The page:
Initially, it received negative reviews. With time, though, the reviews became more favorable. For me, my reward is when I see a reader talking about a book of mine with a twinkle their eyes. I came across classical reviewers who did not approve of my new style of writing, as well as racist reviewers who bluntly pointed out my nationality and my ability to write in their language. Very few reviewers are professional.
This blogger: First, I am sorry that you came across bigoted reviewers. It just shows their utter stupidity, and it makes them appear completely unprofessional, as you say.
Second, it is amazing that your books have had such an effect on people. That is more important than anything reviewers say. Please God, your words will continue to have great impact upon readers.
Staying on with Hope, what message would you like people to go away with, after reading the book?
In Hope, there is no message. It is just a portrayal of how depression can lead a life to its end regardless how talented and artistic a person can be.
If you could give your younger self some advice about writing, what would it be?
Honestly, don’t be a writer. Use that energy away from anything to do with creativity or artistry. Be pragmatic and work hard.
This blogger: Wow! That is quite a statement from an award-winning author. I can’t say I saw that one coming; especially, as your writings have touched so many people in a positive way.
In two of my blog pieces, I discuss how to write a great main character. What makes a great main character in your opinion?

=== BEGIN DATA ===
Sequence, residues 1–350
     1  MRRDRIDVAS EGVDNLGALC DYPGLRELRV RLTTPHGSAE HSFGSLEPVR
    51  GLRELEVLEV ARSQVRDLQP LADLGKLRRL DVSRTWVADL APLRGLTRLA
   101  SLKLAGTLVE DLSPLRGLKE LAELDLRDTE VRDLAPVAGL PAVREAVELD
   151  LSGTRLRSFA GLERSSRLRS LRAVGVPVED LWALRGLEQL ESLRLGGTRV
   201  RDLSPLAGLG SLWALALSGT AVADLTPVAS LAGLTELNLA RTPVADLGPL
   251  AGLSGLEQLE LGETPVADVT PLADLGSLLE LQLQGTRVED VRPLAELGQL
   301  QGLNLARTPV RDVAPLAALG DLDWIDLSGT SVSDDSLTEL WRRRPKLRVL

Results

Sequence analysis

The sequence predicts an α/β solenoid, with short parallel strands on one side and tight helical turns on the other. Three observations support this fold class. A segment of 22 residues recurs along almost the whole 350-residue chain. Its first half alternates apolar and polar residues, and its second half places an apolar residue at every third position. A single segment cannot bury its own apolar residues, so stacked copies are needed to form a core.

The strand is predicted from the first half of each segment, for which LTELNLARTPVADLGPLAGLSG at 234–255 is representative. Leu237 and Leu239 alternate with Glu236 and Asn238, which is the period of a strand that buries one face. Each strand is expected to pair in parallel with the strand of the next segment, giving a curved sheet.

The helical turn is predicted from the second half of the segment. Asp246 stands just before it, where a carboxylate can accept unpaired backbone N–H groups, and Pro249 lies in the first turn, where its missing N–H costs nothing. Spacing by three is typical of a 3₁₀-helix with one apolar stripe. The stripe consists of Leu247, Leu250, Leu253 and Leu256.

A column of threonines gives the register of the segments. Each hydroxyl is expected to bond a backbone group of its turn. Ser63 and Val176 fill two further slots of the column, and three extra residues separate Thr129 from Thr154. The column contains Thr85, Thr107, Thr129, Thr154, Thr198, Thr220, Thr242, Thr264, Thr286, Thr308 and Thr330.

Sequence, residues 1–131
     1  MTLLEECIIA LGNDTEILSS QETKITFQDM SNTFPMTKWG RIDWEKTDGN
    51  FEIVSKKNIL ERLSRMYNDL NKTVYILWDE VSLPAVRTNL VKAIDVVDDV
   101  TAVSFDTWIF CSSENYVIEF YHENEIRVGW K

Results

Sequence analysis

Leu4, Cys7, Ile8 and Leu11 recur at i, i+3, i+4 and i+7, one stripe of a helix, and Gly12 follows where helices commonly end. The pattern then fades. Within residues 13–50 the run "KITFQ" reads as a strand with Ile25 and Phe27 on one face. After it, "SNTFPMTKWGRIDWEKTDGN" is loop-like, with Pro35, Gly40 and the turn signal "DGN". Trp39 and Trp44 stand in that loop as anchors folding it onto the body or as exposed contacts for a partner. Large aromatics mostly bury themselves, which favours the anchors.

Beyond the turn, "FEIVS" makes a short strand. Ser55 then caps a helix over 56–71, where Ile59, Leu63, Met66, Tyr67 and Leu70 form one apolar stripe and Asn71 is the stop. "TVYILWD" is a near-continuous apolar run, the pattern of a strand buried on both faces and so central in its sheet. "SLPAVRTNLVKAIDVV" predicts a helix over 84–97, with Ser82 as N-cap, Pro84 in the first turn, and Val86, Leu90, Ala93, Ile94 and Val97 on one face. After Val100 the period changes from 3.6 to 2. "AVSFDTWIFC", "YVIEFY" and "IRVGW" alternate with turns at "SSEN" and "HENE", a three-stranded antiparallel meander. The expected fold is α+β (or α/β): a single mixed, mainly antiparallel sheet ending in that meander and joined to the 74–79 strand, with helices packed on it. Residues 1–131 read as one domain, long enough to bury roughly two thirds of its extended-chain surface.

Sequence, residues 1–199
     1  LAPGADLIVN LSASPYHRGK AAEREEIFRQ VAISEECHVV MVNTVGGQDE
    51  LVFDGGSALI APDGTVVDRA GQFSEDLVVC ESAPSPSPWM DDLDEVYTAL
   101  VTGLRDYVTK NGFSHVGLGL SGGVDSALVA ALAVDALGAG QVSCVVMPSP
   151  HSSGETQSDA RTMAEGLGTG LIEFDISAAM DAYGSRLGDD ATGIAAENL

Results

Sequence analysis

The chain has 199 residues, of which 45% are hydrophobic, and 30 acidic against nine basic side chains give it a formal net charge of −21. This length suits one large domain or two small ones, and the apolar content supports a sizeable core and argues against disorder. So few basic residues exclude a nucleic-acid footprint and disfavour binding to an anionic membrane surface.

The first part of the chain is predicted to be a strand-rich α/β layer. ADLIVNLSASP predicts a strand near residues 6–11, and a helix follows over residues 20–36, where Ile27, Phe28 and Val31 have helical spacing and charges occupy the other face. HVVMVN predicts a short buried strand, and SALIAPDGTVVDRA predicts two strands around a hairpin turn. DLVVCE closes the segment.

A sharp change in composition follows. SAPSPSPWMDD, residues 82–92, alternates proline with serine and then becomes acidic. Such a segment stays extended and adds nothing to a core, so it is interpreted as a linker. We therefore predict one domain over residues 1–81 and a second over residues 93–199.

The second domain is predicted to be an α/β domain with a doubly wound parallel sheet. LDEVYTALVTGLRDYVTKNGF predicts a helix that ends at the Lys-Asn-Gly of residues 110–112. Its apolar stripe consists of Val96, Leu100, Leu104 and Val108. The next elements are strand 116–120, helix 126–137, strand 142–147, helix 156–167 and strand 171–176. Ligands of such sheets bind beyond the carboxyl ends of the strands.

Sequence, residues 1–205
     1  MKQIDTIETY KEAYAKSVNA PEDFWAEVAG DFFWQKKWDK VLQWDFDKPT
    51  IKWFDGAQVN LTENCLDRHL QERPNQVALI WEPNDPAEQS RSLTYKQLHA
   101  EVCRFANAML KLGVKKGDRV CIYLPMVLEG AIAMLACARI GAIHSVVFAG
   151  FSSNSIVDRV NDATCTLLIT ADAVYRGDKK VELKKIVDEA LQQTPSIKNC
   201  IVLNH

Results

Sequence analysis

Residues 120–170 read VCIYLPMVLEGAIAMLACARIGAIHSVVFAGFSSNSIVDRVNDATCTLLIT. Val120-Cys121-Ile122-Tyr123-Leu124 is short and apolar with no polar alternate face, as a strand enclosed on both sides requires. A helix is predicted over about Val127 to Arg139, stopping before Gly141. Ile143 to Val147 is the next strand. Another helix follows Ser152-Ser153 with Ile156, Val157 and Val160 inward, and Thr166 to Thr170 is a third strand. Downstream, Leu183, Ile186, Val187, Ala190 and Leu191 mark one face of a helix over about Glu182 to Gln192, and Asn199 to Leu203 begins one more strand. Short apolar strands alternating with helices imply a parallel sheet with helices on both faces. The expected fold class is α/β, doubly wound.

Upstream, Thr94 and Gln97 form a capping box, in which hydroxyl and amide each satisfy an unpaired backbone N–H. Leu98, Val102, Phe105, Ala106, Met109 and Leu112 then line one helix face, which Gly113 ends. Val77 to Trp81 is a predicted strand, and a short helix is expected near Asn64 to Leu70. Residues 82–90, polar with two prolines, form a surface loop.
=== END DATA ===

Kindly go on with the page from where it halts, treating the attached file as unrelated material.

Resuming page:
When I wrote my first novel, I was thirteen years old. I just wrote my main character without any thought of how to make her great. She was raw and what I wanted her to be. When I wrote my last novel, Let Me Have My Say (which was released in August), again I just wrote my main character in the most simple, transparent form. I never studied novel writing; nor have I ever read anything related to writing, as I wanted to keep my talent without any modifications. I wanted to keep my characters and novels as a mirror to my obscure world.
In my opinion, there is no formula for creating a great main character. Either the reader does or does not connect with the character. If there were a formula, then many writers would follow the footsteps of timeless authors like Emily Dickinson, Virginia Woolf or Sylvia Plath to guarantee the success of each work.
This blogger: That is a very fair point. So long as your main character connects with the reader, it does not matter what he/she is like.
Which of character in any of your novels is the least like you? And why?
From my internationally published novels, all the characters are different faces of me. From the regional books published in the Middle East, all the main characters are the least close to my personality. At that time, I was experimenting and wanted to write about characters that are different from mine.
What is the hardest part about writing for you?
The hardest part about writing for me is the editing process and the various versions of manuscripts I end up with.
This blogger: I think all writers can empathise with you on that one. (*Winks*.)
What do you like to do when you are not writing?
Read, spend time with my four-legged furry baby, photography, watch old movies and documentaries. Plus, I like to listen to old music.
End of Interview
That brings our interview with author Rima Jbara to a close. I would like to thank her for her time, and to say that it has been lovely talking with her. I wish her all the best for her future writings, her animal, her photography, and her other hobbies.
You can purchase Rima’s books on Amazon, including Hope and Let Me Have My Say. Anyone who wishes to learn more about how mental health issues affect characters would do well to read Rima’s novels, for sure. Otherwise, check out Rima’s website and keep up to date with her by following her on Instagram.